--We are a small, locally owned neighborhood shop in the old European tradition.

--Please stop in and see our shop at 7330 NE Bothell Way, Kenmore, WA, on the second floor of the Schnitzelbank Bavarian Chalet (formerly a German restaurant), above Snapdoodle Toys. 

--There are five dedicated free parking spots, and you are welcome to use the elevator (inside the big brown door), or the stairs on the side of the building.

-- We are in our 7th year at this location and our 24th year in the violin business.  20 years in Seattle!



We specialize in violin, viola, cello, bass, their bows, and accessories, and we occasionally buy used instruments of good quality and condition. 

We do not sell or repair fretted string instruments, or brass & woodwinds.

Although we dabble in concertinas…



Please note our new email address:  info@kenmoreviolins.com


We are on Facebook!


We would like to thank the many customers who have written kind letters regarding our services.  This means a lot to us.  We will do anything we can for our loyal customers!




These things do not equal each other


violin-clip-art-KcjegGeji.jpeg          violin-clip-art-KcjegGeji.jpeg

Cheap Internet violin       vs     Violin in professional shop



                                             Internet Violin                                      Shop Violin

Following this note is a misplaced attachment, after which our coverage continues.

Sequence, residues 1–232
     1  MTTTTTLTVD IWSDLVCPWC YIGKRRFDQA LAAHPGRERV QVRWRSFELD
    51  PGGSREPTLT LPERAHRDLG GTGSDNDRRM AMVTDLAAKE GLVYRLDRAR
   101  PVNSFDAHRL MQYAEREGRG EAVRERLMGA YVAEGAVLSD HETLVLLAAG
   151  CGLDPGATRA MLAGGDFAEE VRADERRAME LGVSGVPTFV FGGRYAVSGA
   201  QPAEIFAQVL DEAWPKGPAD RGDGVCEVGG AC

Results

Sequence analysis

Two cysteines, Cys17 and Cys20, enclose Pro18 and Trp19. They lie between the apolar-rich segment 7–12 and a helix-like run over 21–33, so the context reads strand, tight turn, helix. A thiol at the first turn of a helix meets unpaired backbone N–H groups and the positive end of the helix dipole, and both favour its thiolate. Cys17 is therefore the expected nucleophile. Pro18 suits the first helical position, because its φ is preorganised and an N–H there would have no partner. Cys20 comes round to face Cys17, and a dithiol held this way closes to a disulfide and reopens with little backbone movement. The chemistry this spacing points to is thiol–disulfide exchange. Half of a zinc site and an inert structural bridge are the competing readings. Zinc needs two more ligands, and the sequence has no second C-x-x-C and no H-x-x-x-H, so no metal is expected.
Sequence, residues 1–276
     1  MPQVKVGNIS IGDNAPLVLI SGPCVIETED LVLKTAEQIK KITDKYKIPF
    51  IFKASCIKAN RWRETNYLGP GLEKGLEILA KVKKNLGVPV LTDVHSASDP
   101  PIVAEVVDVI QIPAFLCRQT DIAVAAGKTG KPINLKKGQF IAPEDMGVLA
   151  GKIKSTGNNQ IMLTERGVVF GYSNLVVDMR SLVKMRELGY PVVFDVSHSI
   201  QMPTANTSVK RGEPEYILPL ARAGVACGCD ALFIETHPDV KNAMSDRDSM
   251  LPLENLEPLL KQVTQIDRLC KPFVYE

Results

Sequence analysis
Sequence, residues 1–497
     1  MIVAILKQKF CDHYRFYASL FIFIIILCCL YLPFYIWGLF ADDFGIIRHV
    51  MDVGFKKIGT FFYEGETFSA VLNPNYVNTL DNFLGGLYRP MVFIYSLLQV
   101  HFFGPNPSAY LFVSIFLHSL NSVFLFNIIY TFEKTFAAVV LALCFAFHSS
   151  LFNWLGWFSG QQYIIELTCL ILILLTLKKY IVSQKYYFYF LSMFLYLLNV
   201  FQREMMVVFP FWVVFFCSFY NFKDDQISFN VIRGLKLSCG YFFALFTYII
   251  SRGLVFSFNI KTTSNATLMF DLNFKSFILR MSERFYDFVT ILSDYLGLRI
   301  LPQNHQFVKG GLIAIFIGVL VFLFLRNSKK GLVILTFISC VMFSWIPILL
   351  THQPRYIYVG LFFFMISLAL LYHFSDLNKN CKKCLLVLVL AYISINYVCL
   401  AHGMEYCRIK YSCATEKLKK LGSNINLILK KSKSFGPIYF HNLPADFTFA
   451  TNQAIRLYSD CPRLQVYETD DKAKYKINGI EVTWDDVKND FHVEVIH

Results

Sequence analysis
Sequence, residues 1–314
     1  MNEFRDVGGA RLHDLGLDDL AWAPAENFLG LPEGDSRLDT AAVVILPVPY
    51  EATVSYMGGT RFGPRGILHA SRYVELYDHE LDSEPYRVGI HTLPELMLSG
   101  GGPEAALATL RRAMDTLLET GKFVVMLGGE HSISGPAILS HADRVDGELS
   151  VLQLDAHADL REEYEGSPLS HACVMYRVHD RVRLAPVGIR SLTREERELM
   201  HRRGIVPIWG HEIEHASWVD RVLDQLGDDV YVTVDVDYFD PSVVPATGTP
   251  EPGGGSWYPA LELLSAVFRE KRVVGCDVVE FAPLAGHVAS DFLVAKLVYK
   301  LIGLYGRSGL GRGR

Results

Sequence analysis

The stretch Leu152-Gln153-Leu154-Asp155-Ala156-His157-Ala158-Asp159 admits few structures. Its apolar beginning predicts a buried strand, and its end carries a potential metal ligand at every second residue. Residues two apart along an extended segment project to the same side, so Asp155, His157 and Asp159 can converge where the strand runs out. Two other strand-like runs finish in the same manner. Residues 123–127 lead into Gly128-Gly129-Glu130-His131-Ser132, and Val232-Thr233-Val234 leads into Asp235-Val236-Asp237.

Priority of maker                       low cost                                        sound & value

Sold by                                     sales staff                                    professional violin maker

Familiarity with seller           None.  Remote                                 Close, personal

Sales approach                       mass marketing                                     one at a time

Target market                     beginners (children)                         amateur players (youth, adult)

Materials                              poor to moderate                             moderate to excellent

Craft                                     mainly machine                                  mainly handmade

Case                                       styrofoam                                     plywood or fiberglass

Strings                                 cheap Chinese                            premium European, American

Setup                              Not setup (or very bad)                        to professional standards

Guarantee                   None, or return at your expense          Personal guarantee (1 year)

Trial                            None, can’t play prior to purchase           Generous trial period

Trade-in                                      None                                             Yes, full value